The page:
I set this to publish at 04:46. The exact minute she was born, six months ago.
I remember when my tiny girl was first born and she was placed on my chest and she was squinting and adjusting to the light of being in my world.
And those first couple of hours were beautiful. Just mother and father meeting a little person who they had dreamed of for many months.
I found my head running away with itself and trying to work out who she looked like, despite being puffy and pink from birth. And I was already in a dream land of having two children and my future was being paved before me, by my mind, a yellow brick road of love and opportunity.
When she was diagnosed with a cleft palate, and later my syndrome, that yellow brick road started to grow dirty, and soon it fell away, brick, by brick, and I was left wondering what our path was now. Where would we end up? Where do I go from here? This isn’t where I expected to be.
I used to sit by her incubator, and I would feel empty, aside from a stinging, searing pain that manifested itself in heartache and tears that I worked very hard to stop from falling. She was so tiny and her chest would rise up and down sharply. She was struggling. And so was I.
So I would start to allow myself to imagine a better day. I would wonder about next week at first, but those better days came very slowly. And the change was small. So then it became next month. And then soon, it was the month after. Eventually, I found myself thinking ahead to Autumn because, by then, it was the only time I could realistically hope that things would be better.
Don’t get me wrong. The Summer of 2016 was a beautiful one. Our daughter came home. We had six weeks of Bill before he went from babyhood to boyhood, and started school. And Daisy started fast proving us all wrong. Hitting milestones early and getting rid of her tubes, one by one, far earlier than expected.
And as the Summer drew to a close, our little girl grew stronger, and those better days became more frequent.
The weather started to turn. A cool breeze at first, a few fallen leaves, conkers, petals gone, green being joined by yellows, oranges, reds, woolly things, hats, coats, scarfs, high sun, darker evenings enveloping around you as your houses glow on a dusky street.
And they call it Fall. And it doesn’t sound like a nice season. To fall. But I have fallen. The Summer was where my Spring Daisy grew, and flowered. And the Autumn is where the problems are falling away and I am falling more in love with my daughter each and every single day.
She is now six months old.
Halfway to returning back to the day she was born. Although I know that, when 21st April 2017 rolls around, she’ll be entirely different to how she was the year before.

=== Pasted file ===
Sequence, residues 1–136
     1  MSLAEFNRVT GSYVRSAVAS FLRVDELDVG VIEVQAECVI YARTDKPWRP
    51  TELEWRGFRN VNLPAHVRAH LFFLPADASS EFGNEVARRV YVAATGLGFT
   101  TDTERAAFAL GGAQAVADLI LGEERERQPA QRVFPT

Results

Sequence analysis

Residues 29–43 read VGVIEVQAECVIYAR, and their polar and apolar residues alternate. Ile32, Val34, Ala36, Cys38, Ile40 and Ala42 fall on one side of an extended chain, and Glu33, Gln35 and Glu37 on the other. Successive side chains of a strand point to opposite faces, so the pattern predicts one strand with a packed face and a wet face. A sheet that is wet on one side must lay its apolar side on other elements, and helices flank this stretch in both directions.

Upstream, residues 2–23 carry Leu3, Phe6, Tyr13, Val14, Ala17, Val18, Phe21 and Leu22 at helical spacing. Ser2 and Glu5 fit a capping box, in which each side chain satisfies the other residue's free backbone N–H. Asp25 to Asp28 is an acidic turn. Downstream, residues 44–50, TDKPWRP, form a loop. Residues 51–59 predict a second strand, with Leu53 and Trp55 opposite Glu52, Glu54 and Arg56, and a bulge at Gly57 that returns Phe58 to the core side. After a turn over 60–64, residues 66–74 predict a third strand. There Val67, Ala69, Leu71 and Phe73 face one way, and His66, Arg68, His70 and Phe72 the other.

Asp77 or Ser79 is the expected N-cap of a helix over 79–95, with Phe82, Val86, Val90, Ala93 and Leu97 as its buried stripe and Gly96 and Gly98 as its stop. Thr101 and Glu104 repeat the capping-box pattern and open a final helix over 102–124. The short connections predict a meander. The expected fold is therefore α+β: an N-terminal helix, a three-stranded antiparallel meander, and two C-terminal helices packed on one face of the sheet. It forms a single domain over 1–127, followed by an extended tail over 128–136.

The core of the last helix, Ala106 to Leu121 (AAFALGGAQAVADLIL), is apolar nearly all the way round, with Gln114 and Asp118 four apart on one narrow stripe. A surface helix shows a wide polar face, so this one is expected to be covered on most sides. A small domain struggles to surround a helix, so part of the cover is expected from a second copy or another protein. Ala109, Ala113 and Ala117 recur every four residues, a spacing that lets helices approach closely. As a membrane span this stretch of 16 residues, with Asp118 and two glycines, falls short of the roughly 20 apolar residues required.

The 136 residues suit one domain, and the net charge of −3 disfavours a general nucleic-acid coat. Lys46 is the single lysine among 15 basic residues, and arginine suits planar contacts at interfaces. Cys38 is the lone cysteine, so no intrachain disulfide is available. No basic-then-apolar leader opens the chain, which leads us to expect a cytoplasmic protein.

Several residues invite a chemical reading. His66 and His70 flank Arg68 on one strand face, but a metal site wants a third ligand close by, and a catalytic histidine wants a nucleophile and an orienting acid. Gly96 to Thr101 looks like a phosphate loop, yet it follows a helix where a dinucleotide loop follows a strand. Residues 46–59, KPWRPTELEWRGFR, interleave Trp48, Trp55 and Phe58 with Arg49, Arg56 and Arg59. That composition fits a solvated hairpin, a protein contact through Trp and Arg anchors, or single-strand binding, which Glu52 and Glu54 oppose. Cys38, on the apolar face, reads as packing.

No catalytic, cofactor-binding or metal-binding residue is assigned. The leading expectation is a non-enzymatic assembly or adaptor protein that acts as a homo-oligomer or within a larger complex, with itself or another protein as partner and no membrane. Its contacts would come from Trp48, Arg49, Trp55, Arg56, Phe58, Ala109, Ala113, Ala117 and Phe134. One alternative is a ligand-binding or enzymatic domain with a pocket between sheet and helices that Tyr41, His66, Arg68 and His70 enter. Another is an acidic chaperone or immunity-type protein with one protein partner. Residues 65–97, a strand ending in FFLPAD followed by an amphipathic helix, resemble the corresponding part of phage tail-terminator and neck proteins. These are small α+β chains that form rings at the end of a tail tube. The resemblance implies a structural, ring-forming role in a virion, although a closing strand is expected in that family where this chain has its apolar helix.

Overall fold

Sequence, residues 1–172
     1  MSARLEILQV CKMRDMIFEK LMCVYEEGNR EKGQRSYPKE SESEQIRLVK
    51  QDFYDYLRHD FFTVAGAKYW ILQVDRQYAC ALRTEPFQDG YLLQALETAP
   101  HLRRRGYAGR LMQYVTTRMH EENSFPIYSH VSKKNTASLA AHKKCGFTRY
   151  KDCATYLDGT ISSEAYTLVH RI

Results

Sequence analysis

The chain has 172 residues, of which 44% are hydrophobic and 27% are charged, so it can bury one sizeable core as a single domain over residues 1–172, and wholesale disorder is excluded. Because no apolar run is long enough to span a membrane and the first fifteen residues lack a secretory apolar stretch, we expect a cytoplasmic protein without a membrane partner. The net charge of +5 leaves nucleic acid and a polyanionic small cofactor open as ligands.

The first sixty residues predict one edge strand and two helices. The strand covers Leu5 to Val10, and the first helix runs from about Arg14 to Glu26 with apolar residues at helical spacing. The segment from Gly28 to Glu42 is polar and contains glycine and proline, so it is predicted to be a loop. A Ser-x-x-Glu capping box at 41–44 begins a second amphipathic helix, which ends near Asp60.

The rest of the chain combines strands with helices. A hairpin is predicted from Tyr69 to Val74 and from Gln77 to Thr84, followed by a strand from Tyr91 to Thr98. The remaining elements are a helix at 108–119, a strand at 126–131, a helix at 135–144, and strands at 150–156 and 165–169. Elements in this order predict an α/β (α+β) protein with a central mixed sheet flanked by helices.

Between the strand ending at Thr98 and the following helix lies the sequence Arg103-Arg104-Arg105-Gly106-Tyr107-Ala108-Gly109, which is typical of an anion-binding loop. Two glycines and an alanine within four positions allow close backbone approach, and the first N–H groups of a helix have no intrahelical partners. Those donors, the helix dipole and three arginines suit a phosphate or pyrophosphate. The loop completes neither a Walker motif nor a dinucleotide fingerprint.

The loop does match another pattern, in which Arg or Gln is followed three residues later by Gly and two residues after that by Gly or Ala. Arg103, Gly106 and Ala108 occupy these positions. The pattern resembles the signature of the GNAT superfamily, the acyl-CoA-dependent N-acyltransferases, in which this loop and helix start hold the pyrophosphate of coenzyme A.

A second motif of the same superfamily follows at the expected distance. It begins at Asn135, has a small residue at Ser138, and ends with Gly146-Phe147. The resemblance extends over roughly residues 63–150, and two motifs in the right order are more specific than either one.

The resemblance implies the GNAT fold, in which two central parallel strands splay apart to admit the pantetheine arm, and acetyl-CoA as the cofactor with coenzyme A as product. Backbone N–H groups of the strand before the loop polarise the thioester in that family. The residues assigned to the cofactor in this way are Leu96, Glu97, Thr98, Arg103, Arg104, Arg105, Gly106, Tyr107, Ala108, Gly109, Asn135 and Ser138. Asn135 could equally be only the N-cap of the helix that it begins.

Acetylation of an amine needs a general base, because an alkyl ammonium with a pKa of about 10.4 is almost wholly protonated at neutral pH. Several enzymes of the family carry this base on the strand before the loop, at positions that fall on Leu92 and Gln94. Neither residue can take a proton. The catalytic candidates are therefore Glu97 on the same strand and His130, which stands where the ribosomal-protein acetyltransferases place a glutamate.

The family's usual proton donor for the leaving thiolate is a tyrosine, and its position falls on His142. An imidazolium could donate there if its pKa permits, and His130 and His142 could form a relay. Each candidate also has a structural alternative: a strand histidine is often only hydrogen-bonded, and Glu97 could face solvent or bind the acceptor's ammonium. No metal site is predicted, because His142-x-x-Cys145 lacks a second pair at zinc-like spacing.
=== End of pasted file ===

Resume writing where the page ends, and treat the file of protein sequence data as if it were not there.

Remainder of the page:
Daisy is the most fascinatingly wonderful creature. I know she is mine, but there is something about her and I think there always will be. From what she has endured she is a very tolerant little thing. She isn’t bothered by much at all, unless she isn’t part of what’s going on – and then you will know about it.
She has slotted in perfectly. She makes life busier for us, but she is very good at adapting to our pace of life. She doesn’t ask for much, except that you might hold her and talk to her and let her see everything that you do.
Despite her easy nature, she is feisty at times. But it’s easy to tell when it’s all for show. She’s brilliant at crocodile tears, and the minute she is with you her face turns the right way again and smiles burst through.
Her eyes are possibly the most beautiful ones I have ever seen. They are identical to mine, but somehow brighter. Better. And blue like her father, to my green. Both of my babies seem to have blue eyes, and I wonder if I will always remain the odd one out.
People say eyes are the window to the soul and there is so much soul in Daisy’s. They crease when she smiles and they sparkle and dance with the light.
She has her father’s brow line and forehead, and her thinking wrinkles are the cutest. Particularly when they are together and both deep in thought. They are so similar it makes me heart hurt.
Her nose is a miniature of her dad’s too. But with the telltale signs of our syndrome and sequence – a little button-like for now like mine was, but it soon grows and catches up like mine did.
She has my mouth and smile and we both have that sort of wide-mouthed frog, Wallace smile that I hate on me but adore on her.
She has our colouring – darker, with skin that you can tell will like the sunshine as she grows older. Her hair is like mine, mousey, and will grow lighter for a while, and then darker, settling on what I expect will be a warm, conker brown.